- By Thomas E. RicksThomas E. Ricks covered the U.S. military for the Washington Post from 2000 through 2008. He can be reached at firstname.lastname@example.org.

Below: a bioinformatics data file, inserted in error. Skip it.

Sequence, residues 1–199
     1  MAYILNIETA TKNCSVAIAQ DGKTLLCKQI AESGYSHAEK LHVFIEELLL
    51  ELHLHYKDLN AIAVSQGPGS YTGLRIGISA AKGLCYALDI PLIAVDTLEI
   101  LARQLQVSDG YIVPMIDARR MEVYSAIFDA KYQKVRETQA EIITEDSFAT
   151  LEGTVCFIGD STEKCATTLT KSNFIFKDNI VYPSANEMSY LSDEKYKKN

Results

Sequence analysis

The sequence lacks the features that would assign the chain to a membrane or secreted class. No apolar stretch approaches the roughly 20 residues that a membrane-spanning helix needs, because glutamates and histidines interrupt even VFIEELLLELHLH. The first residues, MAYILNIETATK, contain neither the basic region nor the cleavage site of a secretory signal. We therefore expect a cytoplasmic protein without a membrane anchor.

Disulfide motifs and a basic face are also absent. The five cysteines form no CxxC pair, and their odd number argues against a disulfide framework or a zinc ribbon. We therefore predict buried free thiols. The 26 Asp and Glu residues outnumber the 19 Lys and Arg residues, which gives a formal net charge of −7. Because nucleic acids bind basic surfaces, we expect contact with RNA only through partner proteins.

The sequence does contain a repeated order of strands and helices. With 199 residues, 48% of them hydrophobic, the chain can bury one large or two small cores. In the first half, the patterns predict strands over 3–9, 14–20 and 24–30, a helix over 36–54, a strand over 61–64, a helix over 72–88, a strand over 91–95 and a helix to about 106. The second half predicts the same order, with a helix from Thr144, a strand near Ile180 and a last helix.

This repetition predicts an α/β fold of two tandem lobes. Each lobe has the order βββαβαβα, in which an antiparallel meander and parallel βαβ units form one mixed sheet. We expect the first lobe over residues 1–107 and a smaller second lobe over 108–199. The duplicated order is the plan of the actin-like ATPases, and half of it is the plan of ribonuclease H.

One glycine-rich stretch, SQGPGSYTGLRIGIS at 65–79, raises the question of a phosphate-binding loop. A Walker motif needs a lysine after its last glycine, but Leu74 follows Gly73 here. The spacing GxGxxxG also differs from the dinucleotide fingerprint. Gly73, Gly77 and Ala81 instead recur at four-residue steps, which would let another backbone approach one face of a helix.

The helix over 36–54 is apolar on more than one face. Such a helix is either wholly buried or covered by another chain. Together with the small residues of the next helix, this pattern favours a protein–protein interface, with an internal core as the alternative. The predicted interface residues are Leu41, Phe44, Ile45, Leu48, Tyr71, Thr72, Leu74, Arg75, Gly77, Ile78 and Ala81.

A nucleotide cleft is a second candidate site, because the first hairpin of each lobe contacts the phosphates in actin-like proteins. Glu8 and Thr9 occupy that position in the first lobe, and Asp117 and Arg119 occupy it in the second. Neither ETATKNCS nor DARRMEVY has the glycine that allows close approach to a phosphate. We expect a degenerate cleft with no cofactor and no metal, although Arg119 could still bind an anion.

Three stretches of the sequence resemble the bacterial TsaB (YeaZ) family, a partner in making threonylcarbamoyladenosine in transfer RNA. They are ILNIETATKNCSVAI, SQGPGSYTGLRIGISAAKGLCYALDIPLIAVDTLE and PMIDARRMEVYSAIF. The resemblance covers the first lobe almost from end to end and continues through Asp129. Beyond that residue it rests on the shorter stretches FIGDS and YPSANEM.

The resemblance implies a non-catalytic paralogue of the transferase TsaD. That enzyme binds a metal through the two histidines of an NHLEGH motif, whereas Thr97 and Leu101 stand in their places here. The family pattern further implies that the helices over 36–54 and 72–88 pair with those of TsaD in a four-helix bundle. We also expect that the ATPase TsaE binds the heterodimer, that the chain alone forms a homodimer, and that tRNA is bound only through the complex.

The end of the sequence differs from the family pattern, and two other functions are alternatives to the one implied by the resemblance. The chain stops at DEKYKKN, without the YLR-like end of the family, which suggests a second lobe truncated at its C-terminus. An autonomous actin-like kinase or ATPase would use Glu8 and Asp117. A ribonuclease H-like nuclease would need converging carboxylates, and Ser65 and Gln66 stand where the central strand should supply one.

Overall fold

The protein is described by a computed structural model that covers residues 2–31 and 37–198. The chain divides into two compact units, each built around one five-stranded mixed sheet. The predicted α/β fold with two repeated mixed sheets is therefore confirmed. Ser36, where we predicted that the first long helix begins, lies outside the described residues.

Paula Broadwell, a reserve Army officer who is doing a PhD at Harvard, made the point that the military needs to think more about using female soldiers and Marines in counterinsurgency operations. If the point of COIN is to reach out to the population, then female soldiers are likely to be able to better deal with the half of the population that also is female, she noted. I think this is especially true in Muslim societies, and also in other tradition-oriented cultures. Broadwell noted that some 200,000 U.S. military women have served in Iraq and Afghanistan.
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